Journal of American College Health
Taylor & Francis Group
This pilot study examined smoking reduction and cessation among college smokers with elevated depressive symptomatology participating in a group-based behavioral counseling, mood management, and motivational enhancement combined intervention (CBT).
Participants & Methods
Fifty-eight smokers (smoked ≥ 6 days in the past 30) were randomized to six sessions of CBT (n=29) or a nutrition-focused attention-matched control group (CG, n=29).
Relative to CG participants, significantly more CBT participants reduced smoking intensity by 50% (χ2(1, N=58)=4.86, p=.028) at end of treatment. Although CBT participants maintained smoking reductions at 3- and 6-month follow-up, group differences were no longer significant. No group differences in cessation emerged. Finally, participants in both groups evidenced increased motivation to reduce smoking at end of treatment (F(1, 44)=11.717, p=.001, ηp2=.207).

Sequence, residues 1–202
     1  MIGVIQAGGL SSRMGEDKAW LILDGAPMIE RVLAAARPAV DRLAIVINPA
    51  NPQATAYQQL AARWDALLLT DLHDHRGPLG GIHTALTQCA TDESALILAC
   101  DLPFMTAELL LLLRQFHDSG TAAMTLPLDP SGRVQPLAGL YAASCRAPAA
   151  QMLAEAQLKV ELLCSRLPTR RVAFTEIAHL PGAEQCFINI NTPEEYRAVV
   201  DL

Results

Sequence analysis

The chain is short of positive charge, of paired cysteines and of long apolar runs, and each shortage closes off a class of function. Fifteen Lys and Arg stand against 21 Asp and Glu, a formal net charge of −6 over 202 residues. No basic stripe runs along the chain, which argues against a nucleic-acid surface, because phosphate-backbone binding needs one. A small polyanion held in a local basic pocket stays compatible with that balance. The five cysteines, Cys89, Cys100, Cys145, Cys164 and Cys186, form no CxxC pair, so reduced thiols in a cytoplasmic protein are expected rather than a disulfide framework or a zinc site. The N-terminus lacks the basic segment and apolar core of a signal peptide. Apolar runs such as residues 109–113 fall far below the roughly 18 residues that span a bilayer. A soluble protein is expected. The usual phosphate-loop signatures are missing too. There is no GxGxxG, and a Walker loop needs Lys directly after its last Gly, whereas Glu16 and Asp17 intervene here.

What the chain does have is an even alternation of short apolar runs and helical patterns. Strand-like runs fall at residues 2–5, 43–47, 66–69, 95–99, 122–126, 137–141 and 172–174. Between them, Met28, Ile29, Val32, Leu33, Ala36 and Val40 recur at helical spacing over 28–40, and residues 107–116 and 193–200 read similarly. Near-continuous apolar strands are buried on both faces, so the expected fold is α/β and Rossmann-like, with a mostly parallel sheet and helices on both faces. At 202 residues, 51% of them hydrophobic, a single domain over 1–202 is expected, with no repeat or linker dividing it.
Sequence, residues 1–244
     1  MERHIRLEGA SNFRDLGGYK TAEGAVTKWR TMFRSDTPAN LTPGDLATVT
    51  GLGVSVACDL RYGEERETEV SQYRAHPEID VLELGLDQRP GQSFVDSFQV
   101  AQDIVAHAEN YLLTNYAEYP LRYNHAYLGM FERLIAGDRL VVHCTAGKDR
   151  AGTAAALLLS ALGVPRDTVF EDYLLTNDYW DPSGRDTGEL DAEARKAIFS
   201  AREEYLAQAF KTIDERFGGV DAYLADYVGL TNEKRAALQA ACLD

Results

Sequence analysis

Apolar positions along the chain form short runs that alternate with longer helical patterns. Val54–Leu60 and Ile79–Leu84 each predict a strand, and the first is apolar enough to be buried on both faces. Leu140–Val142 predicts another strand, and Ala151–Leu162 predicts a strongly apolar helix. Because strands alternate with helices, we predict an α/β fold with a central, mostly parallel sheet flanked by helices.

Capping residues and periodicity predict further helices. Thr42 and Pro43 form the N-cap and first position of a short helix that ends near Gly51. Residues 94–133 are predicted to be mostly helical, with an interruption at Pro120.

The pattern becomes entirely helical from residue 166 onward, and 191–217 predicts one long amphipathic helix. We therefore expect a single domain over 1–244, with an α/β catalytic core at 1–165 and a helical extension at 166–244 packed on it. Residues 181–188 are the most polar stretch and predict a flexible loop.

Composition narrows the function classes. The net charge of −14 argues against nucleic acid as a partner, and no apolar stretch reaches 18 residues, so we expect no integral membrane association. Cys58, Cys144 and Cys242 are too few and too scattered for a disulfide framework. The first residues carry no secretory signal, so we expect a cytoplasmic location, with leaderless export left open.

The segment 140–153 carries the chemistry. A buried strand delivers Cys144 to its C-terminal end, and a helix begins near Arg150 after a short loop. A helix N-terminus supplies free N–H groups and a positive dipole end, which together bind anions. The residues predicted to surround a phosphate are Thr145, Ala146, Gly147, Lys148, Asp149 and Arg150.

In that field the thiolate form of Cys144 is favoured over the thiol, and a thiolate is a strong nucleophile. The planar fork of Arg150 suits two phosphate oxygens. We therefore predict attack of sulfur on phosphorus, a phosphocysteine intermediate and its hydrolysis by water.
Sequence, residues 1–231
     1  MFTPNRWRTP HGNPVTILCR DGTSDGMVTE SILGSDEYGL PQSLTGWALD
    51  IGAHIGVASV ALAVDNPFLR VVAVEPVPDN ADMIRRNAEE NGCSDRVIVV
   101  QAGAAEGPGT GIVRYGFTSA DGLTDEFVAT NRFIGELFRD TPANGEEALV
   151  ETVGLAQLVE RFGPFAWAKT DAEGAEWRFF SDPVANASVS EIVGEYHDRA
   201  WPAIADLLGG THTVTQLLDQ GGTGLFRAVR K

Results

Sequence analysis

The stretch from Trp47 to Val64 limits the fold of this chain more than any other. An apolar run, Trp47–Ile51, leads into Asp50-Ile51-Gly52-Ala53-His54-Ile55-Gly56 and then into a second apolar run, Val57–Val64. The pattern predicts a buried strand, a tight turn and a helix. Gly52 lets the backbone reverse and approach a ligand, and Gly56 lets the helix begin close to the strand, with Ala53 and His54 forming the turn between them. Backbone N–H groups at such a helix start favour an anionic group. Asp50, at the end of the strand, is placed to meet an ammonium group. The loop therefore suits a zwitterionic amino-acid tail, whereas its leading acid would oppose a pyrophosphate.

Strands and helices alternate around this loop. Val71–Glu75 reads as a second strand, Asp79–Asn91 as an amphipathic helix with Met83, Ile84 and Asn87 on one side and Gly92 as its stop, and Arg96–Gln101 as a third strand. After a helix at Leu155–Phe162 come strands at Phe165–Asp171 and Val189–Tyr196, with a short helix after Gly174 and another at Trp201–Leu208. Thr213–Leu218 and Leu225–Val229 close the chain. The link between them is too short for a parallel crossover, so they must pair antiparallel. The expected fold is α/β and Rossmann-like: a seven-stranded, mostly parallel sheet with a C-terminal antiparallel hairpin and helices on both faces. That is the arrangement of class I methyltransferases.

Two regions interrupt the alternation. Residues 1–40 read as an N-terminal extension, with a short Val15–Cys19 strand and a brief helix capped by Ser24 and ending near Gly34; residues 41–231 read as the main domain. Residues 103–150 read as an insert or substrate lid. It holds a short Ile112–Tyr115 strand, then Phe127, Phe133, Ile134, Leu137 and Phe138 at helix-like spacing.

Findings demonstrate the utility of this intervention for smoking reduction and maintenance of reductions over time among a population of college students with elevated depressive symptomatology.
©2012 Taylor & Francis Group